Freelance writers: setting time aside for self-promotion

The life of a freelance writer is awesome - we all know that, or we probably wouldn't be doing it.  You might be crazy busy for a few days, churning out document after document for one of your clients... and then nothing.  No assignments, no new business and you're writing just for the sake of writing.

That's fine - that's part of the freelance writing lifestyle when you're first starting out.  But you don't want to be stuck in the toddler phase forever, right?

If few people know you're a freelance writer (who writes for a living), you're not going to make much money.

That's why it's important to set aside some time every week, every day or even every six hours for self-promotion.

You can promote your freelance writing skills through business cards when you're not even working (hand one to the lady in line at the grocery store, drop some off at your kids' school), but you probably need to do more than that to give your freelance writing business wings.

If you don't have anything to do, promote yourself.

Check this out:


A copy of yesterday's Craigslist Ad


I've posted that ad before in another area, and it worked like crazy.  I got a couple regular clients from it.  So I posted it again yesterday in an area where I'd like to expand my clientele - Los Angeles. 

Why did I post a freelance writing ad in Los Angeles?
  • I have two amazing clients in Los Angeles already, and they're willing to provide references for me - and happy locals are trustworthy references when someone is looking in to hiring you as a freelance writer
  • There are zillions of web designers based in Los Angeles, and they're my current target market because they:
1. Bring repeat business
2. Know what freelance writers' time is worth and are willing to pay fairly because it makes them look good when they provide awesome web content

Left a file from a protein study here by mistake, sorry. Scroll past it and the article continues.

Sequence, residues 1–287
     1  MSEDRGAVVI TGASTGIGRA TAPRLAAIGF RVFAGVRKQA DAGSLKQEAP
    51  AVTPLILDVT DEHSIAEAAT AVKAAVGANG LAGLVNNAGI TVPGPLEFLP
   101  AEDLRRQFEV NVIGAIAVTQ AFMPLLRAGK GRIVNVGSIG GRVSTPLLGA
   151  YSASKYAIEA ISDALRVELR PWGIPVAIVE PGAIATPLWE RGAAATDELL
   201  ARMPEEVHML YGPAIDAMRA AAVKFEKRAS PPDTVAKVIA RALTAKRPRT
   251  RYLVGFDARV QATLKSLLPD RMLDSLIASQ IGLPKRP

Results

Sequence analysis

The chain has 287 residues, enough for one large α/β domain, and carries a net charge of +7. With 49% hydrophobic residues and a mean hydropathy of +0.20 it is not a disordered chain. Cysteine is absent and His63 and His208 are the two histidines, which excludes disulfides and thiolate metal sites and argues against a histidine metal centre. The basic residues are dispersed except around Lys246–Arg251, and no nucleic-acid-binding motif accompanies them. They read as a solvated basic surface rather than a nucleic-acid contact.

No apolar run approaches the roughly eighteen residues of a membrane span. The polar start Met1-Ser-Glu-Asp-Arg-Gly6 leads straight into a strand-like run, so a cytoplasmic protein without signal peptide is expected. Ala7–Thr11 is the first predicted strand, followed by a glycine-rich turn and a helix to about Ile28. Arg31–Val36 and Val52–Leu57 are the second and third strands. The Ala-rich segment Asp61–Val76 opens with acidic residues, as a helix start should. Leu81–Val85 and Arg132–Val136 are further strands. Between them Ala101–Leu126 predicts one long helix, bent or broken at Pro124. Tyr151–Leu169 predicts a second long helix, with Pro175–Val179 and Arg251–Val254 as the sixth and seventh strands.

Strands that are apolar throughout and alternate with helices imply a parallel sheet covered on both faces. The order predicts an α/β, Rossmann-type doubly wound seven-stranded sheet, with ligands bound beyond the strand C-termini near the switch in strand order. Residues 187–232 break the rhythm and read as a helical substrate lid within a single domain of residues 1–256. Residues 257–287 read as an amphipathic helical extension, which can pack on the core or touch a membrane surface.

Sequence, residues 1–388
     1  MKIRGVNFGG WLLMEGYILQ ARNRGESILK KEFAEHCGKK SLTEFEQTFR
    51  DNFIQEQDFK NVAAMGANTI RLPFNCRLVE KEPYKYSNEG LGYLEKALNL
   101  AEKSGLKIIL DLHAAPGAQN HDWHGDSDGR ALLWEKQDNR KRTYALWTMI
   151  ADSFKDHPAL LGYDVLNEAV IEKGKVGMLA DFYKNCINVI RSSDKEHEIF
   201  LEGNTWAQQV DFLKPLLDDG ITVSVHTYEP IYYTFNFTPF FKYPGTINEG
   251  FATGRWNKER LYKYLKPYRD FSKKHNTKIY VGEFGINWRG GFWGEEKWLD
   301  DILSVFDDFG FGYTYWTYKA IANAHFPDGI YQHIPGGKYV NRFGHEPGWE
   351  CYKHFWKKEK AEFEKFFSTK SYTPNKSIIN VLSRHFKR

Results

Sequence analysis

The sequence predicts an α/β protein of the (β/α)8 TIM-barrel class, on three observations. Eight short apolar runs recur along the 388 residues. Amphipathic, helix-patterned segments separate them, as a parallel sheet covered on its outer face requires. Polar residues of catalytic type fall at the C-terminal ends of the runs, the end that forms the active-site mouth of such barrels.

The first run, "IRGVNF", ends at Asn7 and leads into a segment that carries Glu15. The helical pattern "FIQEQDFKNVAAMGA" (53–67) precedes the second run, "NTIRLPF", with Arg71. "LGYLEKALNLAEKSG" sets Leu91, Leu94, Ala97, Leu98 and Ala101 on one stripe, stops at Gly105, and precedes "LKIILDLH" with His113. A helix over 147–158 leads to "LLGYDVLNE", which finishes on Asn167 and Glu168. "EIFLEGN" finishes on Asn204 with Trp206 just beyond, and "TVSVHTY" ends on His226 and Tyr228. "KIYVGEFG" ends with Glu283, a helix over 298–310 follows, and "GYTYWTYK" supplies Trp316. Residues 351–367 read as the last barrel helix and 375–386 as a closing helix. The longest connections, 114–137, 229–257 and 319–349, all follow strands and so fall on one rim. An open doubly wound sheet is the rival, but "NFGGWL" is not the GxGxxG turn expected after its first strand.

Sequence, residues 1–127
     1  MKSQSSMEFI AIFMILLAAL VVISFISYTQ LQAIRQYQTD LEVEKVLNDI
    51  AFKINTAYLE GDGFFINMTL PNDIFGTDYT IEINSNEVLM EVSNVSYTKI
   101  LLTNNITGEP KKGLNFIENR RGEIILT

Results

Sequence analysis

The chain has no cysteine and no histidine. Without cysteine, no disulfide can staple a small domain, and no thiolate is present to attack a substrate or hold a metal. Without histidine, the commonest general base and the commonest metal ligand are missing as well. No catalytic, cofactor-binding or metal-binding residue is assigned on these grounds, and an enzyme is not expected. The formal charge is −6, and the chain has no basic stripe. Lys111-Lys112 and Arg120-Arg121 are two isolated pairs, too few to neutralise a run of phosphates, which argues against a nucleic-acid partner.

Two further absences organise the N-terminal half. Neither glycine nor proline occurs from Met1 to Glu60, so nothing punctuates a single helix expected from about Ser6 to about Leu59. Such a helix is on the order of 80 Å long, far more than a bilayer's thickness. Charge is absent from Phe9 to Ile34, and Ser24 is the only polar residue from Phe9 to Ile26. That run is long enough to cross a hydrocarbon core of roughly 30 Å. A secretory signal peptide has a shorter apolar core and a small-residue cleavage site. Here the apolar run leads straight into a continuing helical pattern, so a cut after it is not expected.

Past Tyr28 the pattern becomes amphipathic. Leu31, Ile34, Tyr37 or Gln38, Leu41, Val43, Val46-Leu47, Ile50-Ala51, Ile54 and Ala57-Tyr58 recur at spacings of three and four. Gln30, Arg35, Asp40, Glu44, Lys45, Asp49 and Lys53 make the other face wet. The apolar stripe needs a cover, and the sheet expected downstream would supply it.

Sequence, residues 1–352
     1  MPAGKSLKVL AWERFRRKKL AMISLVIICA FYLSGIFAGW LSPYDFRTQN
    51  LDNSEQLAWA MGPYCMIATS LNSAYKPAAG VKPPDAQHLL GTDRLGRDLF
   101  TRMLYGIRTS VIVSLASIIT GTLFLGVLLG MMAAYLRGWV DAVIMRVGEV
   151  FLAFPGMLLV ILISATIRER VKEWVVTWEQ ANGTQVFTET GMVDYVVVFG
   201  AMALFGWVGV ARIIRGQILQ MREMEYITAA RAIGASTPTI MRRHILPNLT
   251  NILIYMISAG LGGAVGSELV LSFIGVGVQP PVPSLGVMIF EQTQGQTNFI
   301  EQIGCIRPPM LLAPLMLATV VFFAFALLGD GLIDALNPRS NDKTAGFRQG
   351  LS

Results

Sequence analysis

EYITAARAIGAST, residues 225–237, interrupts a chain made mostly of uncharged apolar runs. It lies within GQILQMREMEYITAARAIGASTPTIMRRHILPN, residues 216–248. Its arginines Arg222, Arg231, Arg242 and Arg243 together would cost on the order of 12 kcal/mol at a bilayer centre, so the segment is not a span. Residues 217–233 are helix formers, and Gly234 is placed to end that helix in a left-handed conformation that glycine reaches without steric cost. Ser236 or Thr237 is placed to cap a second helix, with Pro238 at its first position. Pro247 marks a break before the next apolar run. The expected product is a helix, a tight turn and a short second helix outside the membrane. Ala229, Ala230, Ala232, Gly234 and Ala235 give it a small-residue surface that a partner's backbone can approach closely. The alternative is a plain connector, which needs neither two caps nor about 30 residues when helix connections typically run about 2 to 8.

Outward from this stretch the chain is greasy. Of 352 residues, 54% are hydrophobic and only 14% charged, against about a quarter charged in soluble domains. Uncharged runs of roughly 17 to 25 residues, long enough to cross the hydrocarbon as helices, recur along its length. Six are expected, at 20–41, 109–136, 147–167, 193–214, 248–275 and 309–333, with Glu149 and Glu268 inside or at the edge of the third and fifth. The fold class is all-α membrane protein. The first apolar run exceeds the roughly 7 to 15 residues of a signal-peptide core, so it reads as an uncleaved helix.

When I ran an ad similar to this in New York City, I gained a couple clients and made a good friend.  My friend is a wonderful lady who owns a couple staffing companies, and she's so much fun to e-mail back and forth.

Why did I choose Craigslist?  It's free.  FREE.  And people look at it.  One of the clients I got from scouring the Los Angeles Craigslist ads myself sent me this e-mail:

"Angie –



Hey, I’ll see if I can get approval on that, shouldn’t be a problem, though our accounting is pretty strict when it comes to standardized payment terms but as you’re a new writer (from craigslist at that =)), they should make an exception. After that PayPal payment is made though, we typically pay freelance contractors net1. On the 15th of the month, they’re paid for the previous month’s work. Will this work for the remaining balance?


The client has a number of websites, the 2 that we’re trying to target are www.bestdebtoptions.com and www.thedebtanswer.com


Thanks

Stephen"

 
Even if you're not posting your own ads, you might want to have a look at the ads already there.  I found a freelance writer with an amazing ad - it was great because it was a professional-looking picture of a document.  Different font sizes, a photo of himself, and links to his website.  You can write Craigslist Ads with html, so you can put anything you want in there.  I prefer the simplicity of two links to my site, but you can experiment all you want.

I've got a couple of tips for posting ads on Craigslist, though:
  • don't use your everyday e-mail address; set one up through Yahoo! or gmail, because you'll get 419ers trying to get you to send them bank information
  • don't put your phone number in the ad - instead, include a link to a site your phone number is on;  scammers are pretty lazy and won't generally visit your links
  • if you're offering a discount through Craigslist, make sure you ask new clients where they found you so you can live up to your promise
  • Craigslist will not let you spam their site - so change the words in each ad instead of trying to re-post the same one in different locations
If you spend about a half-hour coming up with ad copy, you're on the right track.  You're gaining freelance writing experience (some day, a client is going to ask you to come up with ad copy) and you're getting your name out there.  Craigslist ads provide the opportunity to drive traffic to your freelance writing website, too - and that never hurts.

Good luck!

Have you had good or bad experiences posting classified ads?  Where do you post?  Please share your comments, and include a link to your own site or blog.